May 17, 2014 – I’ll be home for supper

It’s only a 15 minute drive from the ranch to our house. One day as the work day was drawing to a close I called JAM to let her know I would be home for supper (some folks call that dinner) and that I’d leave the ranch at 6:30. She admonished me to be on time this time because she had various dishes that needed to be coordinated as they came out of the oven or off the stove.  I promised I would be on time. (Evidently I had developed some kind of reputation for being late for supper???)

Well, I was pretty darn proud of myself when I walked in the house at 6:45, the exact time that I promised to be home. That pride turned to confusion when I saw that JAM was steaming, but the food wasn’t. I asked her what was wrong and she said “you’re 15 minutes late!”. I quickly defended my arrival time by giving her a math lesson: leave at 6:30 + drive for 15 minutes = arrive at 6:45. So there!

May I just say that sarcasm + math lessons + an angry woman = about a week of the silent treatment. JAM’s understanding was that I would be home at 6:30, not that I would begin driving home at 6:30. Thus, the misunderstanding between us. Ugh!

What if we had used the second element of understanding? That second element is to clarify what has been said (or read or observed or seen). When I said I was going to leave for home at 6:30, what if JAM had immediately clarified what she had heard by saying “so you’ll be home at 6:30?”? I could have told her no, that I planned to leave at 6:30. What I had said could have been clarified. (NOTE: It’s not about one of us being right or wrong; it was about not actually understanding what we had agreed to.)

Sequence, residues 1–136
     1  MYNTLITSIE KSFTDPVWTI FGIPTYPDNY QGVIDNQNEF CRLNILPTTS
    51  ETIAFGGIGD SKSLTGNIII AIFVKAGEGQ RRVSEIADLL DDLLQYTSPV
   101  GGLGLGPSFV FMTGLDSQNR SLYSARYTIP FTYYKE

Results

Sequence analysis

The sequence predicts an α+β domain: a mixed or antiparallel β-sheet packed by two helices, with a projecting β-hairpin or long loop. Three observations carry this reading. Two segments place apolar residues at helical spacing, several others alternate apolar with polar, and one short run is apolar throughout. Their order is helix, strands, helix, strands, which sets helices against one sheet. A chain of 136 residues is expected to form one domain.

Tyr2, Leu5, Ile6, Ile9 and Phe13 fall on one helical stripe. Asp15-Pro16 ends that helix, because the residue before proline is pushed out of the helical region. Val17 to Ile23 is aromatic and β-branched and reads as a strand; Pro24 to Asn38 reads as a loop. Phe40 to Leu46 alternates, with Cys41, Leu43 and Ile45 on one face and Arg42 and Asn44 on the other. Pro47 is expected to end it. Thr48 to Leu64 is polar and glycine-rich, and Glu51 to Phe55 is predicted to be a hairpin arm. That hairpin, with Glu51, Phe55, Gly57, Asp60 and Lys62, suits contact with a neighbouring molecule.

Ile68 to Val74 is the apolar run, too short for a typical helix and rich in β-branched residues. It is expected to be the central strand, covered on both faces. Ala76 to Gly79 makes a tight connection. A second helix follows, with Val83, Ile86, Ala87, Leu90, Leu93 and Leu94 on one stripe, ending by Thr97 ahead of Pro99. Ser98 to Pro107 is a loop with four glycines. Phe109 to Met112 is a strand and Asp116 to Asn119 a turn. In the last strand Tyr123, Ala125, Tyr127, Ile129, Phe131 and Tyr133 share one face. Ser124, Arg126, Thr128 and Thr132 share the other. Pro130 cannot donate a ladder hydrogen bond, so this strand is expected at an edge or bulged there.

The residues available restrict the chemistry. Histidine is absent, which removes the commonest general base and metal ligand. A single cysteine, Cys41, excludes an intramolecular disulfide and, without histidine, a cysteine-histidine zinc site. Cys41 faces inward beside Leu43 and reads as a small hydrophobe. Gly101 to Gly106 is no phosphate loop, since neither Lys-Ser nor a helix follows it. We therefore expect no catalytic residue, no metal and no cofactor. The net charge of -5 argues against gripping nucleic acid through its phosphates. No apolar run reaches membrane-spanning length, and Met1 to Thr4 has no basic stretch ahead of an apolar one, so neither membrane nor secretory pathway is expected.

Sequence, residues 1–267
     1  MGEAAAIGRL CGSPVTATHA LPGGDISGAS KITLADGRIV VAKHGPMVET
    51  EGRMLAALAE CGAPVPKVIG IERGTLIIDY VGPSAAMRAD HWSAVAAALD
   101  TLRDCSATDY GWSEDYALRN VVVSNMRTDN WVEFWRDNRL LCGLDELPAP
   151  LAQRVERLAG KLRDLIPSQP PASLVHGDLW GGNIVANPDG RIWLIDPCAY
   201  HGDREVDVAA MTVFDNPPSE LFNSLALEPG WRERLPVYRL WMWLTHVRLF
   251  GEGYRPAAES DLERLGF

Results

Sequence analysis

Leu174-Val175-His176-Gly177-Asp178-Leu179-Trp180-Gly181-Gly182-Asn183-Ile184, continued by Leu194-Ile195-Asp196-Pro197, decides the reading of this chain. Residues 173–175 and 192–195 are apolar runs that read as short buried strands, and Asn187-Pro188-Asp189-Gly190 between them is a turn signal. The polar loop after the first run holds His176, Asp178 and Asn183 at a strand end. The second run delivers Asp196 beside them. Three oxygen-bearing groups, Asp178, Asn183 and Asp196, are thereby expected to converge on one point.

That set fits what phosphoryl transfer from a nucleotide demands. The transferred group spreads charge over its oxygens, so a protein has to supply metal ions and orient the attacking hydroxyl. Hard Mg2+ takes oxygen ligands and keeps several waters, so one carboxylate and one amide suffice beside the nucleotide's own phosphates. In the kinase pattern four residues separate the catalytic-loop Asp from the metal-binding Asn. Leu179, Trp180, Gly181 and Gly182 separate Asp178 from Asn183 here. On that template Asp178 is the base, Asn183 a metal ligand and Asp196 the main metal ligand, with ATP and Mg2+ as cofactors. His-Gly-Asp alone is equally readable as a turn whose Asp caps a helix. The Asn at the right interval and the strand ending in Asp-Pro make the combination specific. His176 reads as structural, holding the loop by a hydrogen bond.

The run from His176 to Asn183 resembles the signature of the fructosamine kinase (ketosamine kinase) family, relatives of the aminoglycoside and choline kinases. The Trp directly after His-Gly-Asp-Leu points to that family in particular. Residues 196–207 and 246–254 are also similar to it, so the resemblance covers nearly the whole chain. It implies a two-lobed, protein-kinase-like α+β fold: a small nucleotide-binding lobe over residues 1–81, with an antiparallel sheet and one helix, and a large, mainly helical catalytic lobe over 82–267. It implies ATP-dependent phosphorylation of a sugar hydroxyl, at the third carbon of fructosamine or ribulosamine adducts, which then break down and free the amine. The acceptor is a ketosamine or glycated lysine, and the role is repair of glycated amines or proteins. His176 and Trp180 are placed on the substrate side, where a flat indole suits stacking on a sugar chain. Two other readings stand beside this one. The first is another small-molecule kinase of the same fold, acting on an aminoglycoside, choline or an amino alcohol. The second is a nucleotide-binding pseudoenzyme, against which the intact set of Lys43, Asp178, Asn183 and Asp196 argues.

I have concluded the #1 issue I hear about in relationships (regardless of the setting…home or work) is unmet expectations. One person thought one thing and another person thought another thing. Deadlines, commitments, budgets, sales goals, priorities, etc…all lead to possible disappointments because someone’s expectations weren’t met. Why weren’t they? Most of the time it’s because there was not a clear understanding of what was expected.

This is getting a little lengthy so I’ll continue on this business of clarifying next time. Sorry for the verbosity.

David Miller Initials

 

April 5, 2014 – Listen more, talk less

At the Coaching for Greater Effectiveness program that I completed this week, all the participants received friendly, yet appropriately critical input on areas for improvement in our coaching styles and techniques. My greatest weakness is talking too much and not listening enough. Friends and family have known this for years! And, I certainly have admitted to some kernel of truth in their assessments.

Yet, hearing from professional, caring colleagues really made me sit up and take notice. Instead of a 20/80 talking/listening ratio I pretty well had that reversed! So I have some practicing to do in order to improve. I think I’ll start practicing here by ending this blog now. How’s that?

David Miller Initials

Stillness

I like this slightly edited (by me) definition from one of the online dictionaries.  Hope you do, too.

“Absence of noise or disturbance, release, relaxation; silence, abstention from speech; absence of disturbance or molestation, tranquility, peace, security; that which appeases”.

This “S” is hard, too.  I know.  But I got to wondering as I wrote about the Five S’s that if the reason they are so powerful, especially if used in combination, is because they are indeed difficult to practice.  I think that may especially be true for people with leadership responsibilities.

But then, I also thought about the adage “anything worth having is worth working for”.  Well, putting all these S’s in practice may be work, but this one…being still… is NOT working.  In fact, it’s the absence of work for a while.

At the risk that you might like this guy’s blog better than mine, I am sharing this link with you anyway because (1) I like the picture in it and (2) he makes some excellent points, and (3) he gives us some additional resources.  Actually, Mr. Hyatt is just good at what he does! Thanks, Michael.  Maybe we can meet someday…

http://michaelhyatt.com/the-practice-of-stillness.html

Now, be still.  Just for a little while…be com – plete – ly still.

David Miller Initials